(3) even if the person does have the authority to represent and bind the foreign company, if the foreign company commits breach and has little or no assets in China, the landlord may still be left in an awkward situation where it cannot do much to pursue the liabilities of the foreign company as it is far away.

So the trouble a foreign tenant may cause is huge. professional landlords shall be more vigilant in dealing with them.

In practice, the landlords may consider asking more deposit from such tenants or ask the foreign company to provide additional credit enhancement measure such as a surety or other security.

2. Individual Signatory on behalf of a Company in Formation

In China, to form a company, you need to sign a leasing contract before you apply for the business license for your company. So before formation of the company, the individual promoters  (the to-be shareholders of the said company) need to sign the leasing contract on behalf of the company in formation.

If the company is duly formed and created, the landlord can only pursue the liability of the company formed if a breach is committed under the lease contract.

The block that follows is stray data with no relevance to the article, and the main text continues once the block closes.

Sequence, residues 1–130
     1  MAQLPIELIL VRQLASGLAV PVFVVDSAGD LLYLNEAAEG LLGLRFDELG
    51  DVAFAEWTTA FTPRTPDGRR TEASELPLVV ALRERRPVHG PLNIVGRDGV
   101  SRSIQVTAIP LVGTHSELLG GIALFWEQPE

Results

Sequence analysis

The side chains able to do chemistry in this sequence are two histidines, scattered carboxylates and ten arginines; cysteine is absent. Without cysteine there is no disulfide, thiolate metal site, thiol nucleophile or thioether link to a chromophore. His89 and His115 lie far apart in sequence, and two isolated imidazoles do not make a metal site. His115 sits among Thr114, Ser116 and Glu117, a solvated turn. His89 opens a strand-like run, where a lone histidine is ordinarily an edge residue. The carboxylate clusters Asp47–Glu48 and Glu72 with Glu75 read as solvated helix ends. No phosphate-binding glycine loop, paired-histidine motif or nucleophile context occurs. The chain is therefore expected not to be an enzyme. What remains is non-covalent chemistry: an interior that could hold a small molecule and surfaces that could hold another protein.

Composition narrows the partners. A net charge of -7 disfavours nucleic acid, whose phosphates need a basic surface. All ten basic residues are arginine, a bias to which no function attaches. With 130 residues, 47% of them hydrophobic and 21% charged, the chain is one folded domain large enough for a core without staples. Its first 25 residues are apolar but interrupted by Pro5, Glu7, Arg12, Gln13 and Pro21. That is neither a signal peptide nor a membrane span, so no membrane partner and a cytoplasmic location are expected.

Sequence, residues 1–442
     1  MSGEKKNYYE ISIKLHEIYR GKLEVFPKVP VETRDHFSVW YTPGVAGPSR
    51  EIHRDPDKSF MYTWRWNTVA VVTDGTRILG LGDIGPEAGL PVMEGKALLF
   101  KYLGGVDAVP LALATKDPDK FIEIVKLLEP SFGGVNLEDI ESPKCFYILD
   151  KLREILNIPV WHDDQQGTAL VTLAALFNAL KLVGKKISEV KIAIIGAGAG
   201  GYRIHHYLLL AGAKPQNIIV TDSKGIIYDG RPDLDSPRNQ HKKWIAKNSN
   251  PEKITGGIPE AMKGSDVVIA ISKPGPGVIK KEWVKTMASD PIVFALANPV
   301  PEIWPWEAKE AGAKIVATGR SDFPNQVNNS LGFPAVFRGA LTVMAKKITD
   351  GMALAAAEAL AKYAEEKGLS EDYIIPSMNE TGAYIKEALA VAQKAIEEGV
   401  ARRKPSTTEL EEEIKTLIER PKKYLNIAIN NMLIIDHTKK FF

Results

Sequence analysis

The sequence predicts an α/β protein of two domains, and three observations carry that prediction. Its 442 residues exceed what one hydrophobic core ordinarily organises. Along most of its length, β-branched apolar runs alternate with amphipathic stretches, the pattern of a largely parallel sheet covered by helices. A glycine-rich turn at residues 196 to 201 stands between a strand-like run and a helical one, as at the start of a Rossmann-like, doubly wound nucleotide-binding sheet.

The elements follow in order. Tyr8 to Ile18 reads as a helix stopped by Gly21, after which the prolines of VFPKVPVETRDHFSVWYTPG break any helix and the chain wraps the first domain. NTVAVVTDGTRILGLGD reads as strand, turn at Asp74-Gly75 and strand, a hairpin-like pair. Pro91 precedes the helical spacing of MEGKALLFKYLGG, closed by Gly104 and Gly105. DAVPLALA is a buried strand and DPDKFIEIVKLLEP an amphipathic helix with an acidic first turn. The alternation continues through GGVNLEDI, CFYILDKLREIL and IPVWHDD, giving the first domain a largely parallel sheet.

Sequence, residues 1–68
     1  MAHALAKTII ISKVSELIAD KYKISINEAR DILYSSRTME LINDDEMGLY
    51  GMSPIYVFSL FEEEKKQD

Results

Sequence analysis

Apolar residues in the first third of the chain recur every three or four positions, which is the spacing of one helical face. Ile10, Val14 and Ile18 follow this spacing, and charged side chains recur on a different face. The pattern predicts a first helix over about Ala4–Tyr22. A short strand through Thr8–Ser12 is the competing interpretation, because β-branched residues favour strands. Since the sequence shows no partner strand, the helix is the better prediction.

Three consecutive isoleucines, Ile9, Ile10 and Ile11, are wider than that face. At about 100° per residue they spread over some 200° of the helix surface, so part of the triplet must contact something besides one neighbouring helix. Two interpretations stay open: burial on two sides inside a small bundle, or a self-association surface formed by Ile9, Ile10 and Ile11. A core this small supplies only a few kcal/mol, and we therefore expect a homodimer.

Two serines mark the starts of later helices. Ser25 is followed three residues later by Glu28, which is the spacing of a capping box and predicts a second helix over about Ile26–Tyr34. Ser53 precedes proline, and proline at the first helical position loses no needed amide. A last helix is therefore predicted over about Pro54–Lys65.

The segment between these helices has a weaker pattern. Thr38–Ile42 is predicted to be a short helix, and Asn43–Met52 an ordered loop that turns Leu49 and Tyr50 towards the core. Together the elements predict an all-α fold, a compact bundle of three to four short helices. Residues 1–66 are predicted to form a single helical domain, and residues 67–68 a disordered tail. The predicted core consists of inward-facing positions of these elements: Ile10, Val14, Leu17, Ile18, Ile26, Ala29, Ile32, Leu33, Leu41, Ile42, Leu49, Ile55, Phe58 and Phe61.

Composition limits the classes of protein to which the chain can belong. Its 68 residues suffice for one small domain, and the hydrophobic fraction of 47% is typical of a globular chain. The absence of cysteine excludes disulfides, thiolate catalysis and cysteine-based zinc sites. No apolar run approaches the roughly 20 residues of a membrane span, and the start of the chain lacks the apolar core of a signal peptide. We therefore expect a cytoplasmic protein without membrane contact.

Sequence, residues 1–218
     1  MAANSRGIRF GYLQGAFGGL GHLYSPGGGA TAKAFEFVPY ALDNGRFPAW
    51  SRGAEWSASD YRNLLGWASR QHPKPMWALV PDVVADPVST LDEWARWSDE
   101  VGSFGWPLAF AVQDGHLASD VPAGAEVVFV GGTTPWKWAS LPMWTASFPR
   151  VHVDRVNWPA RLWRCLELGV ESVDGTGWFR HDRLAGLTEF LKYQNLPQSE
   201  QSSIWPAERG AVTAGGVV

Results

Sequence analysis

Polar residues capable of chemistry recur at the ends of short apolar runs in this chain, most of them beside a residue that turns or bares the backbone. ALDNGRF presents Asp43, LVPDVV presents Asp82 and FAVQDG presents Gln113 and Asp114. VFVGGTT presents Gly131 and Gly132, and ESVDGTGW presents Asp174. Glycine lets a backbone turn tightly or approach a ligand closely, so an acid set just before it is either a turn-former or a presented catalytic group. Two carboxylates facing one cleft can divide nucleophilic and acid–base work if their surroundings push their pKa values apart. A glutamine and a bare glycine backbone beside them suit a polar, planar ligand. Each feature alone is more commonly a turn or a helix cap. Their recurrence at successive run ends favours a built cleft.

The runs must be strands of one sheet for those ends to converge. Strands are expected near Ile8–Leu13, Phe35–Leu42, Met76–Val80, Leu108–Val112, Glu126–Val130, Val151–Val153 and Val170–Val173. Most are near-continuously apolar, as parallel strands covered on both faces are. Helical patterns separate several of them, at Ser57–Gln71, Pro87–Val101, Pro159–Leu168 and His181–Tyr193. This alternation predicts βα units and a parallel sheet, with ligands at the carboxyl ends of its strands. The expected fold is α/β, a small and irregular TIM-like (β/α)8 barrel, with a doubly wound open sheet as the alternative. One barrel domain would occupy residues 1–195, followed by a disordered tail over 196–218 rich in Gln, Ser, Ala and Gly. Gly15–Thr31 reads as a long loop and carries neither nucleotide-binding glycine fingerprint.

If the company fails to be formed or created for any reason, what shall the landlord do in order to pursue the default liabilities? who shall the landlords go after therefor?  As per a piece of judicial interpretation issued by China Supreme Court, the landlords may ask the signatory promoter to bear the relevant breach liability together with other promoters, jointly and severally.

3.  Actual User not the Signatory Tenant

It is quite often that after the signing of the leasing contract, the signatory tenant may exit the office and give it to its affiliated company in whole or in part.

It is quite simple at the first glance. Legally, the tenant is subletting the office to its affiliate or other companies. Under Chinese laws, the rules governing landlord, tenants and sub-tenants are quite clear.

But what if the landlord start collecting rents directly from the sub-tenant?  Will this act legally create a lease relationship between the sub-tenant and the landlord in lieu of the one between landlord and tenant? If the sub-tenant refuses to pay rents, will the landlord be able to sue the tenant or subtenant or sue them both together?

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As a legal counsel, it is important that we know how to deal with the situations with client’s interests in mind, but it may be more important for lawyers to help clients to prevent such disputes from happening by installing risk management systems for the clients so that they can identify risks and accordingly take measures to minimize the risks.

 

 

Jason Tian

Jason Tian, senior partner, specializes in foreign-related legal services ranging from foreign investment in China, banking and capital, real estate, M&A, corporate, international trade, estate planning, inheritance and divorce at his blog: https://www.sinoblawg.com.